Writing under a Deadline: Five Tips, Maybe Six
A deadline is useful,
especially for those projects that would otherwise never wrap up. But it can also turn the most stalwart of us into quivering jelly, whether the deadline looms in an hour, a day, or a week.
Breathe! Here are five tips for managing a deadline--and, as you will see below, possibly a sixth to consider.
Do you have other techniques to beat a deadline? Let me know what works for you or other questions you have.
Understand the assignment before you start. Don't bolt like a horse leaving the starting gate. Yes, every minute is precious, but do you really understand what is required--the topic, the length, the tone, and other elements? Taking the extra time to clarify up front may save you hours in the long term.
Divide the time into pieces. In Writing with Power, Peter Elbow describes two stages of every writing project: first, a creative stage when you throw ideas on paper and second, a critical stage when you tighten up and revise. Divide the time allotted--whether it's two hours or two days--so you have time for both stages.
Have "boilerplate" at hand, ready to plug in. Many workplace projects are composed of at least some repetitive pieces, such as the template and explanation about your organization in a press release, the criteria for the award presented at every year's conference, or the CEO's bio. Have these pieces written and in an easy-to-retrieve place on your computer, for quick insertions.
Parcel out the details. Your colleague observes your frazzled state and asks if she can help. "Nothing, I'm fried!" you cry. But wait, what about doing some of the fact-checking for you? Finding out full names or affiliations or URLs? Maybe you can delegate a few time-consuming tasks without compromising overall flow.
Solve one small problem at a time. At some point, you need to get a cup of coffee, go to the bathroom, get some sleep. As you leave your computer, think of one small piece of the assignment that is giving you a hard time. Not the whole thing. Swirl it inside your head as you take a walk. No guarantee, but chances are you'll have a solution when you return to your computer.
And the possible last one--Ask for an extension? An extension is only occasionally the answer. Many deadlines are fixed. Even if they're not, you don't want to gain a reputation as a deadline-shirker. But if the deadline is artificial, and the need for more time to complete the assignment well is real, you may want to ask for a fixed amount of extra time.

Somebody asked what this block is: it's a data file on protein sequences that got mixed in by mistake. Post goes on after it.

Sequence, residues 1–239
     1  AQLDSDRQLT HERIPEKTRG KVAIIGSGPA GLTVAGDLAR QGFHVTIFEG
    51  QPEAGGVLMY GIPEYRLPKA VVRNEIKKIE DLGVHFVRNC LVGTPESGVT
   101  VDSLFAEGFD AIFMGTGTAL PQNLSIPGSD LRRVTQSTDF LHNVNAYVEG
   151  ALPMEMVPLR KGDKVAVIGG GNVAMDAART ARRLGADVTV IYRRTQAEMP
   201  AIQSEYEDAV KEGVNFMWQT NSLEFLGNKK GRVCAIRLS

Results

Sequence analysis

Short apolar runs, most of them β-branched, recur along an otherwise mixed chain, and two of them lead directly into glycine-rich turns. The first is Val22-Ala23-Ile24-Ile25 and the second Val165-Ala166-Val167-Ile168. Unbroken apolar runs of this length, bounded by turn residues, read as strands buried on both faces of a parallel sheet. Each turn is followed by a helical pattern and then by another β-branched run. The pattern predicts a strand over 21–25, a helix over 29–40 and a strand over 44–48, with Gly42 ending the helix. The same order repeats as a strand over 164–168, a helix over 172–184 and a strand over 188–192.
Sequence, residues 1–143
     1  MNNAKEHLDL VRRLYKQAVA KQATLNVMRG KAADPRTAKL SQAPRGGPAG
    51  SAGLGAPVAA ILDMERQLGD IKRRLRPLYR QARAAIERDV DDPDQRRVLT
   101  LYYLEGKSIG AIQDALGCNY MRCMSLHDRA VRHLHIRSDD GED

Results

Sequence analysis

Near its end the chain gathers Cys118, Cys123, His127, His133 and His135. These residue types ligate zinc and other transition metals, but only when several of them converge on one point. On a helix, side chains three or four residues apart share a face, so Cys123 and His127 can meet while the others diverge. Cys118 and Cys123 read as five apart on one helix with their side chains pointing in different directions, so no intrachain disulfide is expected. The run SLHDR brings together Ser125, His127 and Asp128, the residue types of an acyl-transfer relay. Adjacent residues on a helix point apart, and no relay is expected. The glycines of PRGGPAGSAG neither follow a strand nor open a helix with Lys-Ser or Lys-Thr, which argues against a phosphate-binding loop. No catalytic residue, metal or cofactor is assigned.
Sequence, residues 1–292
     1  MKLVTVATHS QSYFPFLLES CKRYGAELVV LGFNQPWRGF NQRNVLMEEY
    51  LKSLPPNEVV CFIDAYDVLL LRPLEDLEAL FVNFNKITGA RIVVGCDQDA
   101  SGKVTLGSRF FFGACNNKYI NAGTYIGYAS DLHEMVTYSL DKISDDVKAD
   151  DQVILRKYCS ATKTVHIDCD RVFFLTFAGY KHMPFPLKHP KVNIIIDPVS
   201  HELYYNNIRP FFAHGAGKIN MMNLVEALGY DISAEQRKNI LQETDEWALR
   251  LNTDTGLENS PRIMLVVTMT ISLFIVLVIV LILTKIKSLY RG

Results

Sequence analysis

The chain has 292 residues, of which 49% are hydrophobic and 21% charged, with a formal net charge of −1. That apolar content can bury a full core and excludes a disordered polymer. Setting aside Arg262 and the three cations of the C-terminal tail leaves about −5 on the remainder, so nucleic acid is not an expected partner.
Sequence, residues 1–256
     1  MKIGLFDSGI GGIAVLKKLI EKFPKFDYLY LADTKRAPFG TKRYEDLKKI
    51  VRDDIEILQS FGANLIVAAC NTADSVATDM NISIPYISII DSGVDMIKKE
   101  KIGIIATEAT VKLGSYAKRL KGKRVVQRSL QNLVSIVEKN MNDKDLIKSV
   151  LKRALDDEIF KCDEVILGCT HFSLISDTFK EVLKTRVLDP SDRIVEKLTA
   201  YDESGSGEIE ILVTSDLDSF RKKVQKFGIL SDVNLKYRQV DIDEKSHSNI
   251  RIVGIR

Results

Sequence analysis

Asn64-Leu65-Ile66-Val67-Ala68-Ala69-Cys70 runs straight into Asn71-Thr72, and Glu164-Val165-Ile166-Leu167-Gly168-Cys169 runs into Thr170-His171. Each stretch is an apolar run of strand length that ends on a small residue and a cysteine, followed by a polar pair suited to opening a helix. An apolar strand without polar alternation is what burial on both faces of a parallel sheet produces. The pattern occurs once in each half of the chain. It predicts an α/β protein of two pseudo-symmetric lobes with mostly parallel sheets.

Oral History for Many Purposes
Last week, I attended the spring conference of Oral History in the Mid-Atlantic Region. Presenters explained how they use oral history to document aspects of this year's theme, which was on science, technology, and innovation.
Even without formal oral history programs, many organizations would benefit from interviewing employees, members, customers, or others for their archives. Consider circumstances like these:
- You are moving into a new building and want to capture some of the significant events that took place in the old building;
- People with a lot of institutional knowledge (or wild stories!) are retiring;
- You will celebrate a milestone anniversary in the next few years.
Books (a classic is Doing Oral History
by Donald Ritchie), organizations like OHMAR and the larger Oral History Association
, and workshops all teach the basics. For example, those interviewed must sign a release or deed of gift before an interview is recorded.
As explained by the Oral History Association, Oral history refers both to a method of recording and preserving oral testimony and to the product of that process. It begins with an audio or video recording of a first person account made by an interviewer with an interviewee (also referred to as narrator), both of whom have the conscious intention of creating a permanent record to contribute to an understanding of the past.
OHA also has good articles about principles and best practices on its website.